The Complainants are Airborne Systems North America of Santa Ana, California, United States of America, and Airborne Systems Group, Ltd. of Llangeinor Bridgend, United Kingdom of Great Britain and Northern Ireland, jointly represented by Crowell & Moring, LLP, United States of America.
The Respondent is Virtual Point, Inc. of Irvine, California, United States of America, represented by Brett P. Wakino, United States of America.
The disputed Domain Name <airbornesystems.com> is registered with eNom, Inc.
The Complaint was filed with the WIPO Arbitration and Mediation Center (the “Center”) on October 31, 2008. On November 3, 2008, the Center transmitted by email to the Registrar a request for registrar verification in connection with the Domain Name. On November 3, 2008, the Registrar transmitted by email to the Center its verification response confirming that the Respondent is listed as the registrant and providing the contact details. The Center verified that the Complaint satisfied the formal requirements of the Uniform Domain Name Dispute Resolution Policy (the “Policy” or “UDRP”), the Rules for Uniform Domain Name Dispute Resolution Policy (the “Rules”), and the WIPO Supplemental Rules for Uniform Domain Name Dispute Resolution Policy (the “Supplemental Rules”).
In accordance with the Rules, paragraphs 2(a) and 4(a), the Center formally notified the Respondent of the Complaint, and the proceedings commenced November 14, 2008. In accordance with the Rules, paragraph 5(a), the due date for Response was December 4, 2008. The Response was filed with the Center on December 4, 2008.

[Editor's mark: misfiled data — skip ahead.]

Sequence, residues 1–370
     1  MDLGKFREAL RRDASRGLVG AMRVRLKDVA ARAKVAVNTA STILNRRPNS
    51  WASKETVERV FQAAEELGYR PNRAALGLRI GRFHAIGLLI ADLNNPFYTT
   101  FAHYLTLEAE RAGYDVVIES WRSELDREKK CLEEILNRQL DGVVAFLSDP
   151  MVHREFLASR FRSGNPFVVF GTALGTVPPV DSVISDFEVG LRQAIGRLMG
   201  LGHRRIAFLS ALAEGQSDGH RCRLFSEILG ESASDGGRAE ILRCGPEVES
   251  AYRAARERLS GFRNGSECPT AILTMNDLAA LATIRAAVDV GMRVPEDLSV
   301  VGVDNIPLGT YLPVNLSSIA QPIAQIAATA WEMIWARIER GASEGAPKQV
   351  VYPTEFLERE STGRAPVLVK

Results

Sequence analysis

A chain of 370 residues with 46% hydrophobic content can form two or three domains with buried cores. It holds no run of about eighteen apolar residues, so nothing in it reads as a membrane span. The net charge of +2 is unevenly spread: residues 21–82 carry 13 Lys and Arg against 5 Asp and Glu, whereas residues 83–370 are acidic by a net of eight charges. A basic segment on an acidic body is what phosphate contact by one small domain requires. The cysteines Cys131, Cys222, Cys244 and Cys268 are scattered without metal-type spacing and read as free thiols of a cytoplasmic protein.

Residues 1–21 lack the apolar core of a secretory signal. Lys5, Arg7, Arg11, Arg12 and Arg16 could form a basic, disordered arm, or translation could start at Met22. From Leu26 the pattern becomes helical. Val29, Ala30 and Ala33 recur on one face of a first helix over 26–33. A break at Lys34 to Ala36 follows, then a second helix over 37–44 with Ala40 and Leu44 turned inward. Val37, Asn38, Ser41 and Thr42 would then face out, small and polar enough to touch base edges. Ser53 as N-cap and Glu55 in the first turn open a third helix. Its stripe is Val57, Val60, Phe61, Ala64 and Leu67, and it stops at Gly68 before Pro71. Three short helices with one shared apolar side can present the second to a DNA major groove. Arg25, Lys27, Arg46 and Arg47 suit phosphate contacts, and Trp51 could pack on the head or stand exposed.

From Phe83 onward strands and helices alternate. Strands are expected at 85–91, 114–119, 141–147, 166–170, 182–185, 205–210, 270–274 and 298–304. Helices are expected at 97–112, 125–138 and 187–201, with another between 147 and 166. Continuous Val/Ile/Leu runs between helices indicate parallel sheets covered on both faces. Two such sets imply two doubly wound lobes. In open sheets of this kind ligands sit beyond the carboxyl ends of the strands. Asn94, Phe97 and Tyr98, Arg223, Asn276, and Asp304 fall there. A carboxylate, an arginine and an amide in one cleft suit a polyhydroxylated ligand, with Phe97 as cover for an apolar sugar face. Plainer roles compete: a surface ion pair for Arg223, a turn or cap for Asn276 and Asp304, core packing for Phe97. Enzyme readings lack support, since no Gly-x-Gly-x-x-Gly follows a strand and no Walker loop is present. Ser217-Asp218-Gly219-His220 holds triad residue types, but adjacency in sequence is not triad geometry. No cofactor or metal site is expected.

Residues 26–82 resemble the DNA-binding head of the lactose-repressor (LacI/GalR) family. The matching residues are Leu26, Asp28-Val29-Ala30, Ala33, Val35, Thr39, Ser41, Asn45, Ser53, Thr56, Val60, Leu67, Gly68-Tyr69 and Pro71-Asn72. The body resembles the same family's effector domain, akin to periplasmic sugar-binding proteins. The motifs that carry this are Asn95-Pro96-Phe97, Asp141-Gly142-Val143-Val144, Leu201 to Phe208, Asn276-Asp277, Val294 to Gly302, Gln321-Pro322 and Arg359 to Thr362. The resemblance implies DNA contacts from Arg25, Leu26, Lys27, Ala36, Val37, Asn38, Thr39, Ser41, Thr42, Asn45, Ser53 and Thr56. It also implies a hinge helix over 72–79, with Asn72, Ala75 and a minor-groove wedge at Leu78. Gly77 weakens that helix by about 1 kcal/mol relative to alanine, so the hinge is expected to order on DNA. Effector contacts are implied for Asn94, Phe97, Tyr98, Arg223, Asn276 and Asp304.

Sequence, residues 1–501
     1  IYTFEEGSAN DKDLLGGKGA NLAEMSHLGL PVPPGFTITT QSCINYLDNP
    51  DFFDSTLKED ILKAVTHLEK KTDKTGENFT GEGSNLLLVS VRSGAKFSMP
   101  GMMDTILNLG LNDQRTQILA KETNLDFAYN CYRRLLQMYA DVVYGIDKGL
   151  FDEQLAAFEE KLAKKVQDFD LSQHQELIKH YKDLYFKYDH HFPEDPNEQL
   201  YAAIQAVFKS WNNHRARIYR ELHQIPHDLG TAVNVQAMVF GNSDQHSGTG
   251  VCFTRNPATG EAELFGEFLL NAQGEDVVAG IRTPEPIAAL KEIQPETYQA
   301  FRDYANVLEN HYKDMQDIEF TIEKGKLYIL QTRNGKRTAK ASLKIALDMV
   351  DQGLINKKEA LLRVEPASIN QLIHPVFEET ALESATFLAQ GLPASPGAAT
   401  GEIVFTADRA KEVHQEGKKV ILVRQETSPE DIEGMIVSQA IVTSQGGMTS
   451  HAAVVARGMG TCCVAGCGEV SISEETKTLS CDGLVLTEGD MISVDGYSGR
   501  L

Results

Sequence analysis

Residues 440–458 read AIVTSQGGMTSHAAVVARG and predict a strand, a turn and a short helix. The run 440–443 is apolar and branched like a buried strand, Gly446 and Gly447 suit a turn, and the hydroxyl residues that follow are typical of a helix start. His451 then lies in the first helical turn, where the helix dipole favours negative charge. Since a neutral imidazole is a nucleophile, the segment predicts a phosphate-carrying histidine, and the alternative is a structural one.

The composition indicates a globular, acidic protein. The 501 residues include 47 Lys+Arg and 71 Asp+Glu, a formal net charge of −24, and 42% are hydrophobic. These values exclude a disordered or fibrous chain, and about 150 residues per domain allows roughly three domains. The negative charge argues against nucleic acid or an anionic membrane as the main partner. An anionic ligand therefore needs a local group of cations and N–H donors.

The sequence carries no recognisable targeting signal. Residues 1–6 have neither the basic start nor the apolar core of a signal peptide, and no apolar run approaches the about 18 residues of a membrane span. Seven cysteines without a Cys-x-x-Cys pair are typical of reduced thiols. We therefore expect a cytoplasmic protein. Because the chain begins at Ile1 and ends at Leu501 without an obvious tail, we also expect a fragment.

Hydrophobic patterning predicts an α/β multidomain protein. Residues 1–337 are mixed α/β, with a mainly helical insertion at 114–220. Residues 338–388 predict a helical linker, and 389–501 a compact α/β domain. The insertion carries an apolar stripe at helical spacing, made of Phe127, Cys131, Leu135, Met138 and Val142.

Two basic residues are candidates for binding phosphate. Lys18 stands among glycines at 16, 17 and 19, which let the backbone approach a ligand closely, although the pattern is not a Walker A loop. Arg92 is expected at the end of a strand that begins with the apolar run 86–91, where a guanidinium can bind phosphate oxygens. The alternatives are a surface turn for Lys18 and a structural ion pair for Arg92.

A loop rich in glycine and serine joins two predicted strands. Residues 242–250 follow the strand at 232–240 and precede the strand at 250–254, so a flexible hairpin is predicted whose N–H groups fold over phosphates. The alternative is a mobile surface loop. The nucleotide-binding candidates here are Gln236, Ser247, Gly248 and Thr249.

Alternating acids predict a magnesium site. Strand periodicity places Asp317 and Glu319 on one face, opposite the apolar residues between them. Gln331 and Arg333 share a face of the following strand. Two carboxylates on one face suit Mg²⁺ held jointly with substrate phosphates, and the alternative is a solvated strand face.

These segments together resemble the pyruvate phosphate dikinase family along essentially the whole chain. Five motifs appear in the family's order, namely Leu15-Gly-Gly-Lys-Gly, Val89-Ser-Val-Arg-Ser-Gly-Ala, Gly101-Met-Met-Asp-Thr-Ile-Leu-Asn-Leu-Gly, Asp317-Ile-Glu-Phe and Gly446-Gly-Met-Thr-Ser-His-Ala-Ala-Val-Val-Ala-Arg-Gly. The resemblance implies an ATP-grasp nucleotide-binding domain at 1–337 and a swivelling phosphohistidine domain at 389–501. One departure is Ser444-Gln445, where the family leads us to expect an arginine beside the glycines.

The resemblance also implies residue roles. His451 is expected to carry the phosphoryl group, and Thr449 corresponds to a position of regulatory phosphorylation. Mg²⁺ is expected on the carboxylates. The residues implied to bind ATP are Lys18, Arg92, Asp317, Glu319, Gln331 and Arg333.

The Center appointed W. Scott Blackmer, M. Scott Donahey and David E. Sorkin as panelists in this matter on February 2, 2009. The Panel finds that it was properly constituted. Each member of the Panel has submitted the Statement of Acceptance and Declaration of Impartiality and Independence, as required by the Center to ensure compliance with the Rules, paragraph 7.
The Complainants are Airborne Systems Group, Ltd., a company established in the United Kingdom, and it's wholly owned, California-based subsidiary Airborne Systems North America. The group chiefly manufactures military parachutes, aerial delivery systems, oxygen systems, inflatable structures, space and recovery systems, and airbags. The Complainants operate a website at “www.airborne-sys.com”.
The Complainant Airborne Systems Group, Ltd. holds two relevant trademarks, United States of America Trademark Registration No. 3425722 (registered May 13, 2008) and Community Trade Mark (CTM) No. 6065411 (registered August 14, 2008). The United States trademark registration claims first use in commerce in the United States on January 1, 2003.
Both registrations are for a design mark comprised of a device, initials, and words. The mark features a stylized bird's wing and the large initials “AS”, with “Airborne Systems” following in smaller type. The Complaint does not furnish evidence of any registered or common-law AIRBORNE SYSTEMS standard-character mark. Indeed, the United States trademark registration includes the following disclaimer:
“No claim is made to the exclusive right to use ‘AIRBORNE SYSTEMS', apart from the mark as shown.”
The Response identifies the Respondent Virtual Point, Inc. as a California corporation established on January 22, 2007 and wholly owned by an individual named David (Dave) Lahoti. The Respondent and Mr. Lahoti operate several commercial websites concerning electronic games and entertainment DVDs.
The Response states that before the incorporation of Virtual Point, Inc., Mr. Lahoti “individually held and registered” the Domain Name on October 4, 2005. The Response recounts that Mr. Lahoti acquired the Domain Name after purchasing another domain name, <purifier.com>, with the intention of using both to point to a website on which Mr. Lahoti would sell air purifiers. Mr. Lahoti subsequently transferred all rights in the Domain Name to the Respondent Virtual Point, Inc. However, the Response repeatedly refers to the “Respondent” interchangeably as Mr. Lahoti or Virtual Point, Inc.